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Is The Africa Carbon Markets Initiative a Promise or Peril?

Across Africa, senior political leaders, philanthropic groups, major private companies, and multilateral organizations are converging to support the new Africa Carbon Markets Initiative (ACMI). Touted as a transformative venture, ACMI aims to harness carbon markets for Africa, promoting it as a significant opportunity to accelerate economic development while curbing greenhouse gas emissions. Proponents claim the initiative will generate $6 billion in revenue by 2030 and over $120 billion by 2050 through the voluntary carbon market (VCM), potentially creating up to 100 million desperately needed jobs.


The Promise of Carbon Markets

ACMI is designed to target energy, agriculture, ecosystems, and waste management projects across the continent. The concept of carbon markets, originally framed within a system of enforced capped markets with reducing caps to push up the price of carbon, incentivizes carbon reductions by polluting companies. This approach, in theory, should promote cleaner development and sustainable growth in Africa.

Historical Disappointments and Current Skepticism

However, Africa’s previous experience with carbon markets during the United Nations Framework Convention (UNFCCC) Kyoto Protocol negotiations has left a legacy of unmet promises. The bottom-up system of the Paris Agreement further exacerbates the likelihood of repeating past disappointments, as it lacks a global cap on pollution, relying instead on national contributions.

Critics argue that the current framework of carbon markets is fundamentally flawed. Multiple attempts to create both mandatory and voluntary carbon trading schemes have failed. The main proponents of carbon markets within the United Nations climate negotiations are often developed countries and polluting corporations, who stand to benefit at the expense of the Global South and its people. The lived experiences in low- and middle-income countries have not borne out the promised benefits of carbon markets.

Accounting Confusions and Integrity Concerns

The voluntary carbon market faces significant challenges, including confusion over the accounting of carbon credits within the UNFCCC system. The ongoing negotiations under Article 6 of the Paris Agreement highlight the strong potential for double counting of emissions reductions. This issue arises when a carbon reduction is counted twice, once in the selling country and again in the purchasing country, undermining the integrity of the Paris Agreement’s 1.5°C goal.

A Distracting Mechanism

For over two decades, academics, civil society, think tanks, and various public institutions have pointed out the failings of carbon markets. They argue that these markets divert responsibility, distracting wealthy countries and corporations from reducing their own emissions. Instead, they lock in high-emission levels in the Global North while shifting the burden onto the Global South.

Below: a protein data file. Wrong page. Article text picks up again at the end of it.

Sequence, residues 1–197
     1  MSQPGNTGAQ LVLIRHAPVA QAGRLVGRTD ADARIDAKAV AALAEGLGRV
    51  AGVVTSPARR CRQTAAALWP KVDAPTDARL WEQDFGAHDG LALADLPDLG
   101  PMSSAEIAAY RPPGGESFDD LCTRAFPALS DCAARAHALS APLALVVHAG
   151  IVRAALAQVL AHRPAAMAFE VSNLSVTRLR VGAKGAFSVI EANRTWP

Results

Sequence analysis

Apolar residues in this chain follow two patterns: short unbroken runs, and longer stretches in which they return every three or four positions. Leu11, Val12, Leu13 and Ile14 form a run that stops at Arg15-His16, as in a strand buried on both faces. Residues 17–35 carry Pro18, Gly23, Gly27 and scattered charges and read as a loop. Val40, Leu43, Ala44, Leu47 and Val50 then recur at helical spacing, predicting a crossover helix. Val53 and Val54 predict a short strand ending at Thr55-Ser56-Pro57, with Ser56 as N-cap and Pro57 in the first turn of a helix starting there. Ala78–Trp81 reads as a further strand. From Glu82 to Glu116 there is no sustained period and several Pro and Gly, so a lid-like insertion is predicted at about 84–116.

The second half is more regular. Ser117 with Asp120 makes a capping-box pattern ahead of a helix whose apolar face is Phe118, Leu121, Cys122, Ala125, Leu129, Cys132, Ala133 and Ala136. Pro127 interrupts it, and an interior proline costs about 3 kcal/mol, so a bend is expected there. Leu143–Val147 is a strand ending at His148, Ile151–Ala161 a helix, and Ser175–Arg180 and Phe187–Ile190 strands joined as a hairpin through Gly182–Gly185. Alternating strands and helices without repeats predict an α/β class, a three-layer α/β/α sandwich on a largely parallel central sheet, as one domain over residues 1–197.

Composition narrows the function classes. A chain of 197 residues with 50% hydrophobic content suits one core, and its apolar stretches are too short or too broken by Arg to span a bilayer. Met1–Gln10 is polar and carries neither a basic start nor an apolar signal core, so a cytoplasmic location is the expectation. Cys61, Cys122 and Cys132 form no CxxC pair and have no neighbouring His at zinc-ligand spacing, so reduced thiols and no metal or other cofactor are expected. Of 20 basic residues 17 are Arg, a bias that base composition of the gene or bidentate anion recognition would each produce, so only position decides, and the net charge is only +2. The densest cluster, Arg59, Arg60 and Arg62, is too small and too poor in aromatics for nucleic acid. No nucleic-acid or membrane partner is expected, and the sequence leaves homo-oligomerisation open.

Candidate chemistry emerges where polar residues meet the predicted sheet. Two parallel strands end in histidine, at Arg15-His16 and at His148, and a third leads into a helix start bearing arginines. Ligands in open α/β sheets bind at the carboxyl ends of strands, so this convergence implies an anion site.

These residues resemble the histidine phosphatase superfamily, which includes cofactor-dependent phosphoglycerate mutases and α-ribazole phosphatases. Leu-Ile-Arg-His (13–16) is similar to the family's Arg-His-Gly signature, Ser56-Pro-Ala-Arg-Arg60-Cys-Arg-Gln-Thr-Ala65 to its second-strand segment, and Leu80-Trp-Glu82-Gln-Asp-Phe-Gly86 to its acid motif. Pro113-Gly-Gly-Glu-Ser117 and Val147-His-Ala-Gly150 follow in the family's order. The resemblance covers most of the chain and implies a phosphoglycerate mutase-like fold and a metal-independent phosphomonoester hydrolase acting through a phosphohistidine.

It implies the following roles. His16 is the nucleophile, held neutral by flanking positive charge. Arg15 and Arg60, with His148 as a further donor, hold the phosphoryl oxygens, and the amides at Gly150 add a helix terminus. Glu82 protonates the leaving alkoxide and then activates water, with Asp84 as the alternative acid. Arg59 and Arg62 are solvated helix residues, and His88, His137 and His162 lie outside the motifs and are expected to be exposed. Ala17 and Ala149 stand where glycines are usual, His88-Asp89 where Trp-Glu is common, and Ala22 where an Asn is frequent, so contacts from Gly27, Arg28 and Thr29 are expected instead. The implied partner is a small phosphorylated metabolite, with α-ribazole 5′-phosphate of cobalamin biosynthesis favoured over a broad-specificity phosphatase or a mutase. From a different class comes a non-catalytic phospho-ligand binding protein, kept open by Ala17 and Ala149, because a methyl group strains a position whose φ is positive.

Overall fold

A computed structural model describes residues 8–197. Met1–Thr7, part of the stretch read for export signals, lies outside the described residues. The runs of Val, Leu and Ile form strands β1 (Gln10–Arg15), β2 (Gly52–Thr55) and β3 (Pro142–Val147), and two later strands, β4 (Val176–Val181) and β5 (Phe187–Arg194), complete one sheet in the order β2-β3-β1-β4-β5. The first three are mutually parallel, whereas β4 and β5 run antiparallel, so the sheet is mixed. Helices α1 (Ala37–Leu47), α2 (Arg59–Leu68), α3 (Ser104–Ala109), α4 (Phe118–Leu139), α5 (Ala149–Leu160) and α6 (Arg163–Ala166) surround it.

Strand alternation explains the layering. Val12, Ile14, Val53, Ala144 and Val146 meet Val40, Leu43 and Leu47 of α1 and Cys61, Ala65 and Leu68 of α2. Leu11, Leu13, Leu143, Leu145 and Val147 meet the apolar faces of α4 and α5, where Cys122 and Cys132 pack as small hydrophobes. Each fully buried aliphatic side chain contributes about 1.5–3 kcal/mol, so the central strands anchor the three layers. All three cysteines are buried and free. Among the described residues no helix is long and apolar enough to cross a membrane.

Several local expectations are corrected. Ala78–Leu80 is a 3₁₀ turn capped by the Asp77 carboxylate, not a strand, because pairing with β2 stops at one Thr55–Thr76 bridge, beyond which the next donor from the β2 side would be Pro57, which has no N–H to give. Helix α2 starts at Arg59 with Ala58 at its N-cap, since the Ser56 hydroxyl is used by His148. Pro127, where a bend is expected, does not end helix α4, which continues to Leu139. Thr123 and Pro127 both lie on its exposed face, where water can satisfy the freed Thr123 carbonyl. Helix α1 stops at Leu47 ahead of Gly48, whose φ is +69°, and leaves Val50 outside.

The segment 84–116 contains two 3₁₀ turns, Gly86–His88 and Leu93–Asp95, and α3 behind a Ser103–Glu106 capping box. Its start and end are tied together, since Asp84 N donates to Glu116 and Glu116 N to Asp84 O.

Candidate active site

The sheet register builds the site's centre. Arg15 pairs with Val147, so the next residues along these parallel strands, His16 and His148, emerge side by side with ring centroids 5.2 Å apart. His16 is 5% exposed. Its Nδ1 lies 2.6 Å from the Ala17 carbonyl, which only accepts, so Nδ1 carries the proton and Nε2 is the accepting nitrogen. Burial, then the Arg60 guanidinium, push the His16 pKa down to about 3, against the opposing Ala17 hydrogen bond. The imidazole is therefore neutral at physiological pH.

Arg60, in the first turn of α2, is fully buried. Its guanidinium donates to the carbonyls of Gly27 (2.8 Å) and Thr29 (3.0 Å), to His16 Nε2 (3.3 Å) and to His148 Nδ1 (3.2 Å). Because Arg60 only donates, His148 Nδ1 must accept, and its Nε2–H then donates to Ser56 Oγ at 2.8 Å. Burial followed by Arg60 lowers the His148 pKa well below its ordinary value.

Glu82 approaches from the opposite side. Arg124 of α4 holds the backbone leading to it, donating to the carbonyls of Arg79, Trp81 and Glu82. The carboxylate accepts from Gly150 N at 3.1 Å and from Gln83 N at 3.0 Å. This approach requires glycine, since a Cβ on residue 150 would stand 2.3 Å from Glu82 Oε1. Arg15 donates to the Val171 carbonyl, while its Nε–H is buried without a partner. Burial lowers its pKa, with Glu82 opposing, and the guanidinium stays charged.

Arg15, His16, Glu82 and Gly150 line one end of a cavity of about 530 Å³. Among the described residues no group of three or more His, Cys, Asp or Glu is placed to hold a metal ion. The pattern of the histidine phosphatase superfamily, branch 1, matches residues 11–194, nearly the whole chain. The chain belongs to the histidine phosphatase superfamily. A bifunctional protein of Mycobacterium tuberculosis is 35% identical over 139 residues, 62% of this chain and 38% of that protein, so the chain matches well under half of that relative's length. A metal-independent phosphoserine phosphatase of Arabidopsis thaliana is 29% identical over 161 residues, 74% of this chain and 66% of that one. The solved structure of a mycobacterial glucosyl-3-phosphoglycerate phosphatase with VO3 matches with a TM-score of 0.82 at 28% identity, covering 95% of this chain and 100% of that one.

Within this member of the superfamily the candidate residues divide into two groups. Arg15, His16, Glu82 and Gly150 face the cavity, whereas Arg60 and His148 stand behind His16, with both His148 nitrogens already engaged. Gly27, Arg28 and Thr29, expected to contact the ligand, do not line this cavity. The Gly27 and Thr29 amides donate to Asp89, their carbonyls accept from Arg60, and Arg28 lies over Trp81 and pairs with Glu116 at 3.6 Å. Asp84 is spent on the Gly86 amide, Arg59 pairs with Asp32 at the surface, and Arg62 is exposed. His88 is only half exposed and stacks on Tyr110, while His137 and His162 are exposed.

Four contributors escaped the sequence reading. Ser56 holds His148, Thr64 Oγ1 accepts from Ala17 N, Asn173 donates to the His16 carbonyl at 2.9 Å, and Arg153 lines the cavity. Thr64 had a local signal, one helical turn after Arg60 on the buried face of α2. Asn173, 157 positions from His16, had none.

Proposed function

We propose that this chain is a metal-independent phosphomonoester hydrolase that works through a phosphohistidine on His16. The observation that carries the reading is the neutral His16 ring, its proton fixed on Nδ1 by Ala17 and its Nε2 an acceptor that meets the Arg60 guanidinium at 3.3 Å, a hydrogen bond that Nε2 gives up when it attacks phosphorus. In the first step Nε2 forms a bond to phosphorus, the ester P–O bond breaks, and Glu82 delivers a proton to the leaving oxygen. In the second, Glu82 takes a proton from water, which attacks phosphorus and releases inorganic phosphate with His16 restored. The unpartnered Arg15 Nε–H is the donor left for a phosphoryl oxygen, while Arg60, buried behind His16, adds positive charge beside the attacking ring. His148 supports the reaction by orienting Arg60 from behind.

ACMI, critics claim, represents the financialization and commodification of the climate crisis and nature. It allows rich countries and companies to dodge their carbon mitigation responsibilities, crowding out more effective solutions that involve regulating industries and rapidly shifting to new technologies and approaches. This creates an illusion of emissions reduction while passing the responsibility onto the poorest and most vulnerable countries and people, often at the lowest cost possible. Such an approach counts tonnes of carbon ‘saved’ over sustainable development outcomes for African people, representing a form of neo-colonialism.

Voices of Resistance

At COP26, representatives of Indigenous Peoples voiced strong opposition to carbon markets. They stated that these markets enable capitalist economies to continue polluting while commodifying and colonizing nature and people in the Global South. Their statement called carbon markets “an illusion constructed to salvage capitalist economies rooted in resource extraction and colonialism,” emphasizing that colonialism caused climate change, and solutions should not come from colonizers.

The Risk of Commodification

The development of pan-African carbon markets risks further commodifying land and resources in Africa. This process could enable wealthy elites and polluting corporations in the Global North to maintain high levels of climate pollution, which is already devastating Africa. The continent should be wary of creating initiatives that actively support this process, as they may ultimately serve the interests of external actors rather than fostering genuine sustainable development for African communities.


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